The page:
Vulval and vaginal atrophy—One OGEN .625 (0.75 mg estropipate) tablet to two OGEN 2.5 (3 mg estropipate) tablets daily, depending upon the tissue response of the individual patient. The lowest dose that will control symptoms should be chosen. Administer cyclically.
- For treatment of female hypoestrogen (estropipate) ism due to
hypogonadism, castration, or primary ovarian failure. Usual dosage ranges: Female hypogonadism—A daily dose of one OGEN 1.25 (1.5 mg
estropipate) tablet to three OGEN 2.5 (3 mg estropipate) tablets may be given for the first three weeks of a
theoretical cycle, followed by a rest period of eight to ten days. The lowest
dose that will control symptoms should be chosen. If bleeding
does not occur by the end of this period, the same dosage schedule is repeated. The number of courses of estrogen (estropipate) therapy
necessary to produce bleeding may vary depending on the responsiveness of the endometrium. If satisfactory withdrawal bleeding does
not occur, an oral progestogen (estropipate) may be given in addition to estrogen (estropipate) during the third week of the cycle.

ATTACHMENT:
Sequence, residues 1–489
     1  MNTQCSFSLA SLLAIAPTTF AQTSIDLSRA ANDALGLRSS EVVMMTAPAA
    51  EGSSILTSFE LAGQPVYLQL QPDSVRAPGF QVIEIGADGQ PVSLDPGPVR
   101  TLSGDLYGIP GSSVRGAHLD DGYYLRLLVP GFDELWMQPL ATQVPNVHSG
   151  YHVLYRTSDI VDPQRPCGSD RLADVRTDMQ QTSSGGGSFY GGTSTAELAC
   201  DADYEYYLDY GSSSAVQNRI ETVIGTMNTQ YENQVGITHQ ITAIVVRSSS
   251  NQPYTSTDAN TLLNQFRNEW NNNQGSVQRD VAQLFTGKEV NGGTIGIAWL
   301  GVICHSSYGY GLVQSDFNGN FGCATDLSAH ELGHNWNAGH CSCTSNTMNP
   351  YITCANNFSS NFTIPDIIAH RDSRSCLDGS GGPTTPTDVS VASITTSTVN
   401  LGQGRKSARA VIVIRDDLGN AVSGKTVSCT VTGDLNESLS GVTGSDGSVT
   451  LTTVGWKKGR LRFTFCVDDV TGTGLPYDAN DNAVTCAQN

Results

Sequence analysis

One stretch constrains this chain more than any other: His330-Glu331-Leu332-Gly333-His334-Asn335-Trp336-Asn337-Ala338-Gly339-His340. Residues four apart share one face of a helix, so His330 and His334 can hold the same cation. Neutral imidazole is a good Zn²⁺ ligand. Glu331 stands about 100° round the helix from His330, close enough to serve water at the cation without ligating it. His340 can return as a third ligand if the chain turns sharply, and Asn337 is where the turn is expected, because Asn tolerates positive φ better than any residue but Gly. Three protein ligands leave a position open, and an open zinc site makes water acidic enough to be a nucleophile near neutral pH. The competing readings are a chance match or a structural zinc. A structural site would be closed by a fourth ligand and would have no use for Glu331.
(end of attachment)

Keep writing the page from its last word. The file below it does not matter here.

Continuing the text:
Female castration or primary ovarian failure—A daily dose of one OGEN 1.25 (1.5 mg estropipate) tablet to three OGEN 2.5 (3 mg estropipate) tablets may be given for the first three weeks of a theoretical cycle, followed by a rest period of eight to ten days. Adjust dosage upward or downward according to severity of symptoms and response of the patient. For maintenance, adjust dosage to lowest level that will provide effective control.
Treated patients with an intact uterus should be monitored closely for signs of endometrial cancer and appropriate diagnostic measures should be taken to rule out malignancy in the event of persistent or recurring abnormal vaginal bleeding.
- For prevention of osteoporosis. A daily dose of one OGEN .625 (0.75 mg estropipate) tablet for 25 days of a 31-day cycle per month.
OGEN (estropipate tablets, USP) is supplied as OGEN .625 (0.75 mg estropipate; calculated as sodium estrone sulfate 0.625 mg), yellow, scored tablets, imprinted U 3772, NDC 0009-3772-01; OGEN 1.25 (1.5 mg estropipate; calculated as sodium estrone sulfate 1.25 mg), peach-colored, scored tablets, imprinted U 3773, NDC 0009-3773-01; and OGEN 2.5 (3 mg estropipate; calculated as sodium estrone sulfate 2.5 mg), blue, scored tablets, imprinted U 3774, NDC 0009-3774-01. Tablets of all three dosage levels are standardized to provide uniform estrone activity and are scored to provide dosage flexibility. All tablet sizes of OGEN (estropipate) are available in bottles of 100.
Recommended storage: Store below 77°F (25°C)
Distributed by : Pharmacia & Upjohn Company, Division of Pfizer Inc, NY, NY 10017. July 2006.
Last reviewed on RxList: 4/30/2009
This monograph has been modified to include the generic and brand name in many instances.